31 August 2002


The last four places i lived are (not in order) 27 William St. (this summer), Randolph Hall (sophomore and junior years), 1930 Hearst Ave (here in Berkeley), and Senior house (senior year).

Incidentally William Randolph Hearst Sr. also paid for the lampoon building, the inside of which I still have never seen despite living next to it for three years.
The baseball season may continue, but the year's most interesting story is over. Today Curt Schilling walked 4 batters in a 5-0 loss giving him 21 wins and 27 walks and virtually ending his unprecedented bid to have more wins than walks in a season. Prior to this past week he had 21 wins and 21 walks in 27 games started. Suddenly two games later he still has 21 wins but now has 27 walks.
Although the vast majority of our hits still come via Matt Yglesias, it appears we have reappeared on google. So what searches turn up this site?

Mantis Determine Sex
screems de harry potter
cutting down on masterbation
banished erotic euro movies

Best of all: "perfect mix tape for a girl", although we don't still appear on that search.

And believe it or not, someone went through 29 pages of links on "Citrus County" to find a link to our site. What is this person doing with their time??

Furthermore these google hits have come from as far as russia and japan. It really makes one wonder at how many google searches there are in a day.

30 August 2002

No strike! No strike! Go Twins!

I moved my sister in to college yesterday. This was a weird experience. Then I went to a bar in Philadelphia with Meyeon and about 30 Penn med students. Also a weird experience.

Alec, does your news by any chance have to do with a letter from -----?

28 August 2002

Speaking of punctuation marks in the large stream of money....

On Tuesday I'm starting work on Wall Street. Details to follow.

25 August 2002

Quote of the day:

"The people are just punctuation marks in the large stream of money"
--david speyer explaining the answer to a combinatorics problem involving successive people betting moneey

Life here is good. Moving in everything went fine, and we now have a furnished room. Having a bed is great. Internet next week, and i'll start posting again more often. Classes start tommorow so I'll have more stories... If only my intro German teacher turns out to be another Julie... Life here is also very nerdy, we spend much of the day talking about math and have started a tradition where the last person to sleep has to leave a problem on the white board for the first person to wake up.

24 August 2002

Is there anybody...out there?

I guess this really is "Life without ethernet connections."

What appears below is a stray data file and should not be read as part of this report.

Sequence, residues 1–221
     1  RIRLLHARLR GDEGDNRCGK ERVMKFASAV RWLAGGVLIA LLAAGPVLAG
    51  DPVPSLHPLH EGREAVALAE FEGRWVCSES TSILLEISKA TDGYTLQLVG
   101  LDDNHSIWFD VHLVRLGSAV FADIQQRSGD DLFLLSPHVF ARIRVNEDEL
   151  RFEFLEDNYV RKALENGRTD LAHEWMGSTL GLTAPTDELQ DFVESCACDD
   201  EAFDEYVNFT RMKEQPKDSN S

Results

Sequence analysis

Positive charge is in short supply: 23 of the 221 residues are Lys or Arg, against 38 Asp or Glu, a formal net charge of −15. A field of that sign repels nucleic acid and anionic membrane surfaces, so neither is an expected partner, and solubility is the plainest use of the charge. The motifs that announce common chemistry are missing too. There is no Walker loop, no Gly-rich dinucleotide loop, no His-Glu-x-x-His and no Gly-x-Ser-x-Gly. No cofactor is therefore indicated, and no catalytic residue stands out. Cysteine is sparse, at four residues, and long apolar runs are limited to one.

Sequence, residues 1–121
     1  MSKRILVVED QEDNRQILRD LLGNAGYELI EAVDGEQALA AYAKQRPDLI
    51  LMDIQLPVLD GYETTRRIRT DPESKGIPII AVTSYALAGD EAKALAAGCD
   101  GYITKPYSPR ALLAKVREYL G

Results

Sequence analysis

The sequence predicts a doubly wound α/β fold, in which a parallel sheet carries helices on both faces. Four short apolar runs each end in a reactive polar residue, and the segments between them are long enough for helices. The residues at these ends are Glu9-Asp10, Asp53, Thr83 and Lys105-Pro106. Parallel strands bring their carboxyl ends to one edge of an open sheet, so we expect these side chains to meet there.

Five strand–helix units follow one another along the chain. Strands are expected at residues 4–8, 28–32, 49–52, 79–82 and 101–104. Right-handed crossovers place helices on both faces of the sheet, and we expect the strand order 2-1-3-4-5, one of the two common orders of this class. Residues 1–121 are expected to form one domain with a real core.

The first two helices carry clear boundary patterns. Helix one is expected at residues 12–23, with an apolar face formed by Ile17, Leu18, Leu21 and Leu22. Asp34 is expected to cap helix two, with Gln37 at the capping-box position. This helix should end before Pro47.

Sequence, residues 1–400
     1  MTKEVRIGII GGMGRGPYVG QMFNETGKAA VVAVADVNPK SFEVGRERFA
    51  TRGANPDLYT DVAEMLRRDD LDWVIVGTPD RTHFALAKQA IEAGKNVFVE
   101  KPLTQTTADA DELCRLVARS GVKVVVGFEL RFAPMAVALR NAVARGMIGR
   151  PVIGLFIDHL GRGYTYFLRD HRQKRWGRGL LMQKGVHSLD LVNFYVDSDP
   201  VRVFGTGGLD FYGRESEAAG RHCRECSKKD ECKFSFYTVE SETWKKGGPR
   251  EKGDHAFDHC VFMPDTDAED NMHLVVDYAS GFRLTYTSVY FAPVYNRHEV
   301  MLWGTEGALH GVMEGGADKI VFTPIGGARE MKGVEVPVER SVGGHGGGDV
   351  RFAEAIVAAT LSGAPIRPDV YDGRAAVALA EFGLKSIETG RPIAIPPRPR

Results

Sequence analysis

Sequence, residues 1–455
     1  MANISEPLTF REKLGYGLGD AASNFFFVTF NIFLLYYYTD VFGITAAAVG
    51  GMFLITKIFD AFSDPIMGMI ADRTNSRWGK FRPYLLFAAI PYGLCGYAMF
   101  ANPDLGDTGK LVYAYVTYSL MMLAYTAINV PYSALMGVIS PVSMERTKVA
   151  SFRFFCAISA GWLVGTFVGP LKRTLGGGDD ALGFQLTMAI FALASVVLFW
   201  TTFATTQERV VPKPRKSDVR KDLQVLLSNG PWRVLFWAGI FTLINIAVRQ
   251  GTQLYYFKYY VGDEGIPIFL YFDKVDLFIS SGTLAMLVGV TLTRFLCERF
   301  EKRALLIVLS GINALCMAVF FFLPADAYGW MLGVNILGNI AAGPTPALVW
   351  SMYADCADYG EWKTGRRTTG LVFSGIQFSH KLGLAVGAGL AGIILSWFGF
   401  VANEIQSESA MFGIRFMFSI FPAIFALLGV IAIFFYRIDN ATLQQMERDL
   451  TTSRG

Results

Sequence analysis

Pixar did it again...Monsters Inc. is really clever and well worth seeing. Though this is probably old news to most readers of this page.

21 August 2002

Various reactions to my car:

My aunt: "It's adorable!"
My sister: "It's really ugly."
My dad: "Wow."
My step-sister (who may have to drive it to school): "Oh my god."
My grandfather: "What's this stuff?" (It's called rust.)

I'm at my dad's now, where there is both ethernet and a freshly tuned piano. What more could one want?

20 August 2002

Now for some stories about Citrus County...

(Bessie wrote me and asked if my county of residence is actually called Cirtus County. Yes, it is.)

Interesting story number one: I live a few blocks away from the house where Ted Williams spent his last days. The court battle over his remains is happening here, which means we still get daily updates in the paper (not much has happened). My polling precinct (I registered to vote in Florida) is the Ted Williams Museum and Hitter's Hall of Fame. I'm planning to take a walk around the museum for free after voting on Sept. 10. It's unconstitutional to charge a poll tax, right? The funny thing about Ted Williams living here is that the locals have a very different perspective on the matter. It seems, for one, that he wasn't particularly well-liked by his neighbors. The development where I live, Citrus Hills, paid Williams to come live here and be a sponsor, so it wasn't like he was a normal resident. I asked one of my co-workers what everyone thought about the Ted Williams controversy, and she started talking about some post office. When I expressed confusion, she said she thought I was refering to the controversy around renaming a post office after Ted Williams (I guess a lot of people objected so the idea got put on hold). When I said no, I'm actually interested in the controversy that people elsewhere in the country are interested in, she just said, "Oh, the freezing thing? That's sick."